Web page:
The following HTML text is provided to enhance online
readability. Many aspects of typography translate only awkwardly to HTML.
Please use the page image
as the authoritative form to ensure accuracy.
ing rapidly (Figure 1.4) and will face risks similar to those of existing megacities, such as Los Angeles, Istanbul, and Singapore. One expert has speculated that the urbanization in earthquake-prone areas of the developing world may result in a four- to tenfold increase in the annual fatality rate over the next 30 years, reversing a long-standing trend (7).
The losses expected from future events (risk) depend on the population and amount of infrastructure concentrated in a given area (exposure) and the vulnerability of the built environment (fragility), as well as the hazard itself. The seismic hazard levels in Alaska and California are both high, but California’s exposure is much greater, which yields a much larger total risk (Figure 1.3). The growth in losses charted in Figure 1.2 comes primarily from the increased exposure, especially in urbanizing regions (8). Exposure can be lowered by a judicious choice of building sites and careful land-use planning; but only by so much—in seismically active regions, all sites face significant hazard. Earthquake risk reduction must thus rely on lowering vulnerability through earthquake-resilient design of new structures and retrofitting or rehabilitating inadequate older structures to improve their seismic safety. Provisions for earthquake design are now an integral part of building codes in most seismically active parts of the United States, although some states with moderate earthquake risk do not have state seismic codes (see Chapter 2). Code improvements and related problems of implementation continue to require scientific guidance to take into account regional and local variations in seismic hazards, as well as uncertainties and improvements in hazard estimates (9).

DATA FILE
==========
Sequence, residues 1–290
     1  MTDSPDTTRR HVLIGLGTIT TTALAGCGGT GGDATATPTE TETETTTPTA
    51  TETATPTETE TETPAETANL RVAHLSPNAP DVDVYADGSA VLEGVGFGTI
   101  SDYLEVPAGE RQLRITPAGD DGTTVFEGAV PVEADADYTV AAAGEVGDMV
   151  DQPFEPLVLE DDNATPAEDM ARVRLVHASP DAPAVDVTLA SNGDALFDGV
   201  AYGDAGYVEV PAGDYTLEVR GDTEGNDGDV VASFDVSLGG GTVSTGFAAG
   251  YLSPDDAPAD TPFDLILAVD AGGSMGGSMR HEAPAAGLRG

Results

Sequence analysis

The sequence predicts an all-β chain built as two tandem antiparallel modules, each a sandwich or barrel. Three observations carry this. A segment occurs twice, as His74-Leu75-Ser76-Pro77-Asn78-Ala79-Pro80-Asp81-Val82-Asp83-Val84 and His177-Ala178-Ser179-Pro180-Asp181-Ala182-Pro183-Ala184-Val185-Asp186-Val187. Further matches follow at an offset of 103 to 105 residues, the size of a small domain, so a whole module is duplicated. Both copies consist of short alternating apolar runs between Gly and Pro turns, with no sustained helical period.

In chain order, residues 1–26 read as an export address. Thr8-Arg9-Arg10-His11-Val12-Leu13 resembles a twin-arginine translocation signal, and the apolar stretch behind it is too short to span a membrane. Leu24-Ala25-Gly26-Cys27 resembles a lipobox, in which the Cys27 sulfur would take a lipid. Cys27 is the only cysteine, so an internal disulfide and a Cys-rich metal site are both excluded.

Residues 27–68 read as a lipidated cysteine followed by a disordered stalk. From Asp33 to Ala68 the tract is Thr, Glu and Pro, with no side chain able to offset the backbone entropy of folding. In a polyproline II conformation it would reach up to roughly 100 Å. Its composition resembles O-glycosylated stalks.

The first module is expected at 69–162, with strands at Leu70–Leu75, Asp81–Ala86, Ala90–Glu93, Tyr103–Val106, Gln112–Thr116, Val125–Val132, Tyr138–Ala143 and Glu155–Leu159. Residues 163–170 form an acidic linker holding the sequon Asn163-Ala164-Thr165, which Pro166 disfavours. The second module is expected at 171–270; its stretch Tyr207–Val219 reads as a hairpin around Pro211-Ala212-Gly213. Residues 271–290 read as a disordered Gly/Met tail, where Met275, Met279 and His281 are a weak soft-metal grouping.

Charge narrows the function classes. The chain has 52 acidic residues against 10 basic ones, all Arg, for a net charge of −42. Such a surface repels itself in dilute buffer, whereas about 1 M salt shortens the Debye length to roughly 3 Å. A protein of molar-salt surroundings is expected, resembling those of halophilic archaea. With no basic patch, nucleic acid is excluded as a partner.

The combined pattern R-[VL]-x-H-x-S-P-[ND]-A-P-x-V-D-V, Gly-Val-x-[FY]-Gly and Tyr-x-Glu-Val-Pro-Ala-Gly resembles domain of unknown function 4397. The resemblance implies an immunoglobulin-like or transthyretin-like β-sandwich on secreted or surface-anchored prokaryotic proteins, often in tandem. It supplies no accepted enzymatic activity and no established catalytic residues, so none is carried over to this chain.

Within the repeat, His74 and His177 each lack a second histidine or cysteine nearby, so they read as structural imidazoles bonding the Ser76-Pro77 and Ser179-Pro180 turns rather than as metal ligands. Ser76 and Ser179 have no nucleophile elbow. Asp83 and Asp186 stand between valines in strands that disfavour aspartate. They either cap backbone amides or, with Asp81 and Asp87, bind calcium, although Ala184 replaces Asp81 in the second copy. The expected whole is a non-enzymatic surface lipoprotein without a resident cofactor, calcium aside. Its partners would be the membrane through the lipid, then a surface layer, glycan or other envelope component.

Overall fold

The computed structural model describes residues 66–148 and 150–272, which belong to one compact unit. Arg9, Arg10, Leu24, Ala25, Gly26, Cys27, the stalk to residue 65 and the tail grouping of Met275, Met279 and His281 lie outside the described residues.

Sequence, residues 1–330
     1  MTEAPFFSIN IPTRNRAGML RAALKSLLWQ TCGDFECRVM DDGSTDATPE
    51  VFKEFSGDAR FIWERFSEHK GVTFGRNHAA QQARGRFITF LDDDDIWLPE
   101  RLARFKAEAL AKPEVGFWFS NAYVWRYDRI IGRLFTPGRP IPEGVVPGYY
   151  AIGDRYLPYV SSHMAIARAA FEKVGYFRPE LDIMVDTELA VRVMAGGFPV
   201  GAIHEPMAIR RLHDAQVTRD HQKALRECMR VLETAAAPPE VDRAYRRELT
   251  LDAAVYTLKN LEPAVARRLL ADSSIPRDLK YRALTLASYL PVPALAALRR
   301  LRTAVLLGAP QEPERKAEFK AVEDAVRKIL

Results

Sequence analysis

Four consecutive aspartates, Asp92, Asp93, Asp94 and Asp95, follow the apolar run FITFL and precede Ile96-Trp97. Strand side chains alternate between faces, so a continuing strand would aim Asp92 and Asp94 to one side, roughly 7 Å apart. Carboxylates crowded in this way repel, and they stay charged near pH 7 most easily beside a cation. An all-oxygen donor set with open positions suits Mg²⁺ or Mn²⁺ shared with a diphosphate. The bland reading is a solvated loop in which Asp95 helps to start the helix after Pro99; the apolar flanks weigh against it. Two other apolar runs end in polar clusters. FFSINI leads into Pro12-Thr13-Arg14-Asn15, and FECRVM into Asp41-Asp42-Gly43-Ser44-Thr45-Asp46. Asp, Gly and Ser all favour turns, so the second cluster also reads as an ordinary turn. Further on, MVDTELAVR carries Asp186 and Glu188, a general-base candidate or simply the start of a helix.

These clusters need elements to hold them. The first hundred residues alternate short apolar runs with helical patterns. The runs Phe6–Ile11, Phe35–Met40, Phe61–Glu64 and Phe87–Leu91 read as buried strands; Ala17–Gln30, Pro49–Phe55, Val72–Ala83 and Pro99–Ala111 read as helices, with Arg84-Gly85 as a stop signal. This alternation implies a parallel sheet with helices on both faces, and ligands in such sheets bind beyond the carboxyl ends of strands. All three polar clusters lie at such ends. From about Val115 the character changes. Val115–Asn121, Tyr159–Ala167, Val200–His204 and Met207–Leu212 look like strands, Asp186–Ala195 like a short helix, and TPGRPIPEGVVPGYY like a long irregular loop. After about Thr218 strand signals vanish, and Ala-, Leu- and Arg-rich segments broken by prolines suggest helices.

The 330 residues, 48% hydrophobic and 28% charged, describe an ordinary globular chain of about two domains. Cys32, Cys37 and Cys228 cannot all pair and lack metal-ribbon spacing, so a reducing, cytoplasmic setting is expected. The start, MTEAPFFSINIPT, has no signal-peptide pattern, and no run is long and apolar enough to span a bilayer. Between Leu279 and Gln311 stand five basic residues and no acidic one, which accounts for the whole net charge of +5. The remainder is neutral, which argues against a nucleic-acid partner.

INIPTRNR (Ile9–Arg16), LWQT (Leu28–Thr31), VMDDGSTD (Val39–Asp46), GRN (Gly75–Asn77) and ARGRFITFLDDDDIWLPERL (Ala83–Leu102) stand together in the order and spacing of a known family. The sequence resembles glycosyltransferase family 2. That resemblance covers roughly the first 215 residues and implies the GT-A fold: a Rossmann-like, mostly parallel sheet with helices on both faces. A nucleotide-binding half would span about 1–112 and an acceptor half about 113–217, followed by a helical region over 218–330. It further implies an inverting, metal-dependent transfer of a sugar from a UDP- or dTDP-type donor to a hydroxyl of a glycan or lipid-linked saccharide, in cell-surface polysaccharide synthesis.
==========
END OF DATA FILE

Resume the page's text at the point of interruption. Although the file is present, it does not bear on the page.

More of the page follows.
The fundamental question of how much to invest in seismic safety has become a pressing problem for the national economy. Several hundred billion dollars are currently spent per annum on new construction in seismically active areas of the United States, and about 1 percent of this overall investment is associated with seismic reinforcement (10). Seismic retrofitting is much more expensive; the costs for unreinforced masonry buildings are typically about 20 percent of new construction, and the values for other building types are comparably high. An alarming example can be found in Los Angeles County, where a recent study showed that more than half of the hospitals are vulnerable to collapse in a strong earthquake. The cost for upgrading these facilities to state-mandated levels of seismic safety has been estimated conservatively at $7 billion to $8 billion, which exceeds the entire assessed value of all hospital property in the county and comes at a time when nearly all hospitals are losing money (11). Resolving such economic and political issues is at least as difficult as the engineering and science issues, and it illustrates the need for coordinated planning across all aspects of seismic safety. To facilitate planning, understandable earthquake information must be made avail-